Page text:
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Government Beach Towel featuring the photograph President Johnson Signs Civil Rights #1 by Science Source

Boundary: Bleed area may not be visible.

The watermark at the lower right corner of the image will not appear on the final product.

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President Johnson Signs Civil Rights #1 Beach Towel

Science Source

by Science Source

$40.00

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Product Details

Our luxuriously soft beach towels are made from brushed microfiber with a 100% cotton back for extra absorption.   The top of the towel has the image printed on it, and the back is white cotton.   Our beach towels are available in two different sizes: beach towel (32" x 64") and beach sheet (37" x 74").

Don't let the fancy name confuse you... a beach sheet is just a large beach towel.

Design Details

The Civil Rights Act of 1964 is a landmark piece of civil rights legislation in the United States that outlawed discrimination based on race, color,... more

Care Instructions

Machine wash cold and tumble dry with low heat.

Ships Within

1 - 2 business days

Additional Products

President Johnson Signs Civil Rights #1 Photograph by Science Source

Photograph

President Johnson Signs Civil Rights #1 Canvas Print

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President Johnson Signs Civil Rights #1 Framed Print

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President Johnson Signs Civil Rights #1 Art Print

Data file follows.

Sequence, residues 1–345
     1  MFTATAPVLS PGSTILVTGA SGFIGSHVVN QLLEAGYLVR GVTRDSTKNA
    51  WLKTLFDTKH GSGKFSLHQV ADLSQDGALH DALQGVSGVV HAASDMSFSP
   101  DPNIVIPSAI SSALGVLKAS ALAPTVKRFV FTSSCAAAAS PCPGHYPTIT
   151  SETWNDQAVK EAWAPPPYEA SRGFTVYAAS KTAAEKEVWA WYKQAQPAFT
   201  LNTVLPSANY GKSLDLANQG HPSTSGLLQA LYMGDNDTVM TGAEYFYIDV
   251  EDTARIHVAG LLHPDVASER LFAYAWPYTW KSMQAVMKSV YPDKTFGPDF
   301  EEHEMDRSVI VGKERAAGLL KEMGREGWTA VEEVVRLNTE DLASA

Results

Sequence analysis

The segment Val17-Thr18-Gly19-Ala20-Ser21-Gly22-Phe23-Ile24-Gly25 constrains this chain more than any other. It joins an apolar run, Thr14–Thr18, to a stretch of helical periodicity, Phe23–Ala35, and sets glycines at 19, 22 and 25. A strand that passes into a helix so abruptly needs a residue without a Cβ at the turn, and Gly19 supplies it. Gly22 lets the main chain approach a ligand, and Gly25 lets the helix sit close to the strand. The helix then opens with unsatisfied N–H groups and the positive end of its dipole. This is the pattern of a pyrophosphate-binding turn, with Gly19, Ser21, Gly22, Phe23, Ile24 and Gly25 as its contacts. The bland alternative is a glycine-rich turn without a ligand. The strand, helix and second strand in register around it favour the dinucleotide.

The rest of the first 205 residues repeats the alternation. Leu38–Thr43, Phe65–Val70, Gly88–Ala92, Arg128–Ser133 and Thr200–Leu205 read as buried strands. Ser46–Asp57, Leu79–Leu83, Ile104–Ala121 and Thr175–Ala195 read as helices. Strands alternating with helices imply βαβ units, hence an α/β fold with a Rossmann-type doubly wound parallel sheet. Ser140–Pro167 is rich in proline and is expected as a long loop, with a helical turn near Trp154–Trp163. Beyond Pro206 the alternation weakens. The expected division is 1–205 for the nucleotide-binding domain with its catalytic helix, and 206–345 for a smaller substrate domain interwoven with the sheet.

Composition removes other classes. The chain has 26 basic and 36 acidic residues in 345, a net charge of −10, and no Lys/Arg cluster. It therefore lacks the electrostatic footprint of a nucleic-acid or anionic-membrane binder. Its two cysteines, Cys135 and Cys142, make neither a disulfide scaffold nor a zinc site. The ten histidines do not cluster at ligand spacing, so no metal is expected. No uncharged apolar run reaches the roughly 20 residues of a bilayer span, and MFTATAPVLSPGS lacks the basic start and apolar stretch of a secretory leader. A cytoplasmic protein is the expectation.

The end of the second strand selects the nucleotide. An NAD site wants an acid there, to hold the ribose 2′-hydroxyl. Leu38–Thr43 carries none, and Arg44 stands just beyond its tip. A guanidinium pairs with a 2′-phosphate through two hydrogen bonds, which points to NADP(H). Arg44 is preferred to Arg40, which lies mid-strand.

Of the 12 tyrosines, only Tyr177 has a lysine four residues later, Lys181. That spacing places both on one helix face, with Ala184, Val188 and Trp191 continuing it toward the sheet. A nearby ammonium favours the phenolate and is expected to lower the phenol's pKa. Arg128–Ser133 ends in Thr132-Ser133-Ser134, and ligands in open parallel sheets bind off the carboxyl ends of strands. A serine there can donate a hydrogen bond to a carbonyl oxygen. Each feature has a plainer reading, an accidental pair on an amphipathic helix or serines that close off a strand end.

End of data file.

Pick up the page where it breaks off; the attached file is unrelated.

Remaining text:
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President Johnson Signs Civil Rights #1 Poster

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President Johnson Signs Civil Rights #1 Metal Print

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President Johnson Signs Civil Rights #1 Greeting Card

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President Johnson Signs Civil Rights #1 Round Beach Towel

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President Johnson Signs Civil Rights #1 Beach Towel

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Beach Towel Tags

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Photograph Tags

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Artist's Description

The Civil Rights Act of 1964 is a landmark piece of civil rights legislation in the United States that outlawed discrimination based on race, color, religion, sex, or national origin. It ended unequal application of voter registration requirements and racial segregation in schools, at the workplace and by facilities that served the general public. Powers given to enforce the act were initially weak, but were supplemented during later years. Congress asserted its authority to legislate under several different parts of the United States Constitution, principally its power to regulate interstate commerce under Article One (section 8), its duty to guarantee all citizens equal protection of the laws under the Fourteenth Amendment and its duty to protect voting rights under the Fifteenth Amendment. The Act was signed into law by President Johnson on July 2, 1964, at the White House. Photographed by Cecil Stoughton.

 

$40.00